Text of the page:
Ask a dozen local residents about the Johnstown Housing Authority, and it’s likely that some common themes will emerge:
• The authority advertises to lure tenants from other areas.
• Most public-housing tenants are “outsiders” arriving directly from places such as Philadelphia and New York.
• Anybody can get into public housing, and at any time.
Officials insist that all three assertions are false. And they now are beginning to respond publicly after such rumors have persisted despite the existence of few – if any – hard facts supporting them.
“It’s just not what they think it is. Most of that stuff out there is just not so,” said Althea Jeffers, the authority’s management director.
‘Take a picture’
Of all the rumors regarding the housing authority, advertising – the idea that the authority purchases billboards or newspaper space to lure tenants from larger metropolitan areas – may be the most prevalent.
“I know what the perception is. We’ve battled it for years,” said Susan Frommell, the authority’s occupancy director.
Frommell issued a challenge to those who say they’ve seen billboards promoting Johnstown Housing Authority in other places.
“You take a picture of that sign,” she said.
“We don’t advertise,” Frommell added.
“We never have outside of this area.”
Financial documentation supports her assertion. As of late last year, the authority had spent just $8,432 on advertising in 2011; detailed statements showed local purchases such as ads in football programs and public notices in The Tribune-Democrat.
The authority does not even maintain a website promoting its properties.
And a consistently high occupancy rate in Johnstown’s public housing also would seem to negate the need to recruit tenants from elsewhere.
“We do have a waiting list,” Frommell said. “We’ve been maintaining a 98-percent occupancy rate.”
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‘Bottom of the list’
Maria Bynum, a spokeswoman for the U.S. Department of Housing and Urban Development, said she has never heard reports of Johnstown Housing Authority – or any Pennsylvania housing authority – using billboards to recruit income-eligible persons from other cities.
She said she’d heard a few instances of housing authorities in other states taking the unusual step of advertising available apartments in newspapers.
But to her knowledge, its not a practice that has been undertaken by local authorities.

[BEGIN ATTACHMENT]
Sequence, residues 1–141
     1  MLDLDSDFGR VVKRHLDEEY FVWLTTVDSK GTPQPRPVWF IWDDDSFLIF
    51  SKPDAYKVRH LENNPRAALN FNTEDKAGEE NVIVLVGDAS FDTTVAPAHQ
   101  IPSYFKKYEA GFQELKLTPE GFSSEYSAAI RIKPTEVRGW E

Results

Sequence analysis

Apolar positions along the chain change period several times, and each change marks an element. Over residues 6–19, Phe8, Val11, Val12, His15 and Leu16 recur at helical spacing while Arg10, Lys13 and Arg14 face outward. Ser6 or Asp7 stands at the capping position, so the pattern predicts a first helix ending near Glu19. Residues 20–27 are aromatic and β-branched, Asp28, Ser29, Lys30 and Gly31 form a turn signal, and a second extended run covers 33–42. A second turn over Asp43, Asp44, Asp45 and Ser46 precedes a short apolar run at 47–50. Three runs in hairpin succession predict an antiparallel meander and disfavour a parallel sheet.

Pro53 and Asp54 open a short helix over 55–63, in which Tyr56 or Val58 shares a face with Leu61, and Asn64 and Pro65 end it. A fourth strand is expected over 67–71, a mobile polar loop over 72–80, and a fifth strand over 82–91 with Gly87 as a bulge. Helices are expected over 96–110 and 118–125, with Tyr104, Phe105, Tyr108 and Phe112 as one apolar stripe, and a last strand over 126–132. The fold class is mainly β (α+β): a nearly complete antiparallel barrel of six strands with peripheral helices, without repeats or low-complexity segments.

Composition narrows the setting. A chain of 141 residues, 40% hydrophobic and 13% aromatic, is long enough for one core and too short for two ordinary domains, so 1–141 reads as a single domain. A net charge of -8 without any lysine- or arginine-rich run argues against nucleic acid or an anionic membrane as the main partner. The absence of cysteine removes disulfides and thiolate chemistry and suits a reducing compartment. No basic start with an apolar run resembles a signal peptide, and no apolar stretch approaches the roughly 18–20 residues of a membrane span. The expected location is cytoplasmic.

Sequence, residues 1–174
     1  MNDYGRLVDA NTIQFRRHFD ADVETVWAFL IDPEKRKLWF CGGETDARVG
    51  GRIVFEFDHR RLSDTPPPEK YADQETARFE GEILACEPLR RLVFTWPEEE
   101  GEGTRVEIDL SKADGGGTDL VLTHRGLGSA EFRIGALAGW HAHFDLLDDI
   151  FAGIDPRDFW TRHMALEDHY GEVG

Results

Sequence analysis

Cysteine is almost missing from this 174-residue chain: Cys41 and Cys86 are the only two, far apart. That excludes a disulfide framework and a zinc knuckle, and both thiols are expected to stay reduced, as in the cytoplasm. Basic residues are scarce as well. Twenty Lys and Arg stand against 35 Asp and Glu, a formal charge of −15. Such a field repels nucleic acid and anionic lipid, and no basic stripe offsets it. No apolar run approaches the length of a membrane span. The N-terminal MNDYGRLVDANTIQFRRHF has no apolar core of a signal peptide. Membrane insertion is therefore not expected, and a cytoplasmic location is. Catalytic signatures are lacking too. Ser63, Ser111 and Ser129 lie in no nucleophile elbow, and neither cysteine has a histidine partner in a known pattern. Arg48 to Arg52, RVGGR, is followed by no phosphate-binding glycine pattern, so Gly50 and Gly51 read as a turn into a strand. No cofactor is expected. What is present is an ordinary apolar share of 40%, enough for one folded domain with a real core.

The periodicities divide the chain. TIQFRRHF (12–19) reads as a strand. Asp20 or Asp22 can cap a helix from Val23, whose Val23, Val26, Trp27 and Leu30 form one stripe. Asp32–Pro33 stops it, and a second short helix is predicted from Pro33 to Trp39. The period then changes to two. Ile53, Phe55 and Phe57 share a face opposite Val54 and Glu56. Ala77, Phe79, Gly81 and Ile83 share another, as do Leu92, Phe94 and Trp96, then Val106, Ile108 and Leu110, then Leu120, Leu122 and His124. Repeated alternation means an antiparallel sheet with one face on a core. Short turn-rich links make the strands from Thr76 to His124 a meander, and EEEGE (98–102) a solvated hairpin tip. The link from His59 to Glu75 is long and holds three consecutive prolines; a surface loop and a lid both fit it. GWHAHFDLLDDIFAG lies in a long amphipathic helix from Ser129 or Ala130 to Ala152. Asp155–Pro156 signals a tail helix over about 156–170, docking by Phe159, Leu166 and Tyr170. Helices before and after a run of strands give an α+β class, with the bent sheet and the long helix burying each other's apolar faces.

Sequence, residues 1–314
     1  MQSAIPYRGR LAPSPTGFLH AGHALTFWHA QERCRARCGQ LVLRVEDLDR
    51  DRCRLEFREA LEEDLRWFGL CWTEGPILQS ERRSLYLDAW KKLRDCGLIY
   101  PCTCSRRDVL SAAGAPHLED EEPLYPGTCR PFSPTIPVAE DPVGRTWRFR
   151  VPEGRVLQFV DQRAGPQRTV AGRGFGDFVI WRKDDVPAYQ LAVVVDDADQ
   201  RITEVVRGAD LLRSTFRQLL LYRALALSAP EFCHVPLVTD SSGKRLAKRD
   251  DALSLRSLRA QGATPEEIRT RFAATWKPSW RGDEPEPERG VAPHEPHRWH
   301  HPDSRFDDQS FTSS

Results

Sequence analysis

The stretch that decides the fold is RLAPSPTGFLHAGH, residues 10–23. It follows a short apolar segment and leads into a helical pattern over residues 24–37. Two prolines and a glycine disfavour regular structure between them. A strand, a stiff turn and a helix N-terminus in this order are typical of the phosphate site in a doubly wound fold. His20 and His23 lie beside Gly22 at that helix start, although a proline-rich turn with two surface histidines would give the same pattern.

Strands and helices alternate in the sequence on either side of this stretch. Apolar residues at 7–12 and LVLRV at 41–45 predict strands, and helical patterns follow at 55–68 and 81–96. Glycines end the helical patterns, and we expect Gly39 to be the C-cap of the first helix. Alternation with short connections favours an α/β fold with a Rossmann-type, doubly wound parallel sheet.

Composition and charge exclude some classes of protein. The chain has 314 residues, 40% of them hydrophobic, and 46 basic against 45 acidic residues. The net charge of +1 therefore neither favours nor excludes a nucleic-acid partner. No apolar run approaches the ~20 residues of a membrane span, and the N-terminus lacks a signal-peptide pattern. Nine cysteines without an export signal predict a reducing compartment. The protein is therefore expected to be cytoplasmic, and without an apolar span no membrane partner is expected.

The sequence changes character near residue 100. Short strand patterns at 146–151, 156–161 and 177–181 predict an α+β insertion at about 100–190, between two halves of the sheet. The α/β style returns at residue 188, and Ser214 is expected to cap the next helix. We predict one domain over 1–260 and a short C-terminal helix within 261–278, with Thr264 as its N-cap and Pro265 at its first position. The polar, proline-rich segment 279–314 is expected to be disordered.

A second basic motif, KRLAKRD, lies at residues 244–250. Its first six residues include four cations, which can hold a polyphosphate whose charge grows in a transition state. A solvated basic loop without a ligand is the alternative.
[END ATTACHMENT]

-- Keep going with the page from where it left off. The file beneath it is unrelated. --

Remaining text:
Many authorities in Pennsylvania have lengthy waiting lists and a hearty local demand for public housing, Bynum added.
While word of mouth may play a role in bringing some public-housing applicants from outside the area, that still doesn’t mean they’re stepping off a bus and directly into an apartment in Johnstown.
Officials argue that those who promote the “outsider” idea ignore the fact that locals have a big advantage when applying for public housing.
“Applicants who live or work in Cambria County or are scheduled to work (here) are given preference,” Frommell said.
“You’ve got to be a (Cambria County) resident, or you’re going to rotate at the bottom of the list.”
‘Aren’t enough units’
Public housing admissions lists for September, October and November – the latest such statistics available – support that claim.
Of the 74 new tenants accepted over those three months, 62 came from Johnstown. Another nine had Cambria County addresses. Only three applicants – one each from Delaware County, Philadelphia and Newark, N.J. – were from outside this area.
Administrators say the authority’s mission is to provide safe, affordable housing to those with low income. And they believe there are plenty of residents already living in this area who fit that bill.
In the Johnstown region, “there is a need,” said Dan Kanuch, authority executive director.
He cited the long waiting lists for public housing, lists that can keep a family waiting for an average of three months to get an apartment.
“To me, that tells me there aren’t enough units to handle the economically depressed people out there,” Kanuch said.
Frommell confirmed that “the majority of our residents are extremely low-income.”
But she noted that income is far from the only factor officials consider when examining applications for housing.
“We are picky,” Frommell said.
‘Going to be denied’
If an applicant has been a public-housing tenant elsewhere, a HUD database will provide background information – including whether that person owes money or was evicted.
Johnstown police provide criminal-background checks. And the authority’s strict policy dubbed “one strike” governs not only current tenants but also those who are applying for housing.
For example, if an applicant has any illegal-drug activity in his or her past, “you’re going to be denied – period,” Frommell said.
Registered sex offenders also are denied, as are those with “a recent history of criminal activity involving crimes to persons or property and/or other criminal acts that affect the health, safety or right to peaceful enjoyment of the premises by other residents,” the policy says.
The authority is under no pressure to bend rules and approve applicants in order to fill apartments. In an average month, Frommell said, there are 80 to 100 applications for public housing but only 30 families moving out.